This section is MANDATORY; your application can’t be processed without your signature.
ACMPR Application Annex A
If you checked the box in Section 4 above stating that you plan on producing your own cannabis for medical purposes, Annex A is for you. If this applies to you, you can leave Annex B blank.
There are several subsections within Annex A:
- A1: Production Site – This is where you specify the exact place you plan on growing, whether it is in your place of residence or somewhere else. You also need to clarify if you own the designated production site or if it is owned by someone else.
- A2: Production Site Owner’s Consent – If you answered “Yes” to owning the designated production site, you can skip this section. Anyone who answered “No” needs to get information from the property owner and a signature of consent.
- A3: Production Area – Everyone needs to fill this out. The number of plants Health Canada allows depends on this section. In A3 you will check the box of where you plan on growing. You have 3 options: entirely indoors, entirely outdoors, or partly indoors and partly outdoors.
*This is up to you, but if you want the maximum amount of plants you should select entirely indoors.
- A4: Storage Site – Here you simply choose where you plan on storing your home-grown cannabis.
- A5: Applicant’s Declaration & Signature – Once again you need to sign stating that all of the information you’ve provided is complete and correct. Be sure to tick ALL of the boxes next to each statement.
According to ACMPR medical purposes regulations you can designate another person to grow your medical plants. If this is your situation, you’ll have to fill out Annex B instead of Annex A.
If you are designating someone to grow, that person should PERSONALLY fill out Annex B of the Health Canada ACMPR forms. The sections are categorized from B1 to B7 and has one main difference from Annex A.
For personal production, you don’t actually need to submit a police document, just check a box stating that you haven’t been convicted. But designated growers need to provide an official police record.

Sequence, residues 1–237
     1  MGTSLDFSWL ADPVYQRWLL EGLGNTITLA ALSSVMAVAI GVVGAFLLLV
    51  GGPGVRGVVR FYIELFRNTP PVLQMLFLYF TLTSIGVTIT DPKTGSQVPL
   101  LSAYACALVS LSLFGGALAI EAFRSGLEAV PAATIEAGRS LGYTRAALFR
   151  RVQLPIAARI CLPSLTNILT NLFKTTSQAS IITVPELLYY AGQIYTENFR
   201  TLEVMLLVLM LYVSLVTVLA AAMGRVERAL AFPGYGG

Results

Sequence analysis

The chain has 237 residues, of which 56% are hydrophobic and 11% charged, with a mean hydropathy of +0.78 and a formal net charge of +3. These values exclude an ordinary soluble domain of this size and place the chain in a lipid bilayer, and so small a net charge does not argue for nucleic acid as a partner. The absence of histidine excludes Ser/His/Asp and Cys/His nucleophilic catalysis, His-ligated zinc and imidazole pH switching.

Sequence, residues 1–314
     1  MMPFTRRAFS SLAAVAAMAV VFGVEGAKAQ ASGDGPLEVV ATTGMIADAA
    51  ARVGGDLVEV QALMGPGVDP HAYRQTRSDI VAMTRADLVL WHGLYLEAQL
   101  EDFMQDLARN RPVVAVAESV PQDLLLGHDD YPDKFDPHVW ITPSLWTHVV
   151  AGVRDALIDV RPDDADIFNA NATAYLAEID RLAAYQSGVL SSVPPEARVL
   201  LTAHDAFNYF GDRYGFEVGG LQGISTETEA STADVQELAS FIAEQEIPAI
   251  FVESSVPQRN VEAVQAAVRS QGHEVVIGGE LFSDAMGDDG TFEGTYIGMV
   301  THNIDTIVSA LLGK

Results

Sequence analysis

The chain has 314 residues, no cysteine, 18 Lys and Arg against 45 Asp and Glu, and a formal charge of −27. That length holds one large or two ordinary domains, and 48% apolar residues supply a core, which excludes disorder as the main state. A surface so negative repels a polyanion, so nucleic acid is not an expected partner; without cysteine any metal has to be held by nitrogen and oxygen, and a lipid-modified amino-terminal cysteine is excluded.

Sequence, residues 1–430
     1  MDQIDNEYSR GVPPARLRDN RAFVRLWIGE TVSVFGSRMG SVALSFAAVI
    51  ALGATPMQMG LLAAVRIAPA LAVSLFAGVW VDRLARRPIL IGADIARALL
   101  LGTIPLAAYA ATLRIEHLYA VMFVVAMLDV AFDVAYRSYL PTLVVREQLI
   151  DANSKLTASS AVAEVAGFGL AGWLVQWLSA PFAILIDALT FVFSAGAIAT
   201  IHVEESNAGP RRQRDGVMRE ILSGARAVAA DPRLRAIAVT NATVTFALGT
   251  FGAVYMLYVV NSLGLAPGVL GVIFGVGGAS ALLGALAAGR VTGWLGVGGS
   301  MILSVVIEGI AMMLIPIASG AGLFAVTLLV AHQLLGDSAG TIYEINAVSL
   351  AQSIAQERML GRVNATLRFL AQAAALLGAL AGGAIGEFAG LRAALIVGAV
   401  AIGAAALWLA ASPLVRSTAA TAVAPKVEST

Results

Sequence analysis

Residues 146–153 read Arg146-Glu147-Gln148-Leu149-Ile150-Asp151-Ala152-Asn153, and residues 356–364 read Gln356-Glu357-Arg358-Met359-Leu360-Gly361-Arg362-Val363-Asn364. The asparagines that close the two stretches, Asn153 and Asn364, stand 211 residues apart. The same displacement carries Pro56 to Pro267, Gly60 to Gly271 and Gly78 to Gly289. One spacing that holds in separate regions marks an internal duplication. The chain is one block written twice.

The box saying the document is provided needs to be ticked off. ACTUALLY SEND the police document with the ACMPR application. If it’s not included, the application can’t be processed.
Health Canada ACMPR Forms Wait Times
After you send in your Health Canada Application Forms its hard to say how long you’ll be waiting for your ACMPR license to arrive in the mail.
Health Canada is fairly unpredictable with how long they take to register each applicant; it could be anywhere from 2 weeks to several months. We typically see ACMPR renewals coming back a lot faster than new licenses.
Using the right ACMPR consulting service significantly increases the chances of a speedy turn around with your ACMPR application.
Application for Growing Medical Marihuana Health Canada Reminders
Following these helpful reminders when filling out the ACMPR application:
- Renewals need to fill out the complete form just like new applicants. You will need to provide another medical marijuana growing prescription medical document from your doctor.
- All application dates should be written as year-month-day.
- YOU have to send the medical document along with the application; don’t expect your doctor to do it for you.
- Be wary of a service that says they will send it for you. It’s always a better idea to see the actual RX yourself before sending it to HC for approval.
- Nurse practitioners are technically allowed to write your prescription, but we advise against this. Always get your prescription from a licensed doctor.
Cannabis Growing Canada can’t make any promises to those that did not use our service. We do however completely guarantee the success of your ACMPR application when you apply through us. Please contact us for more information.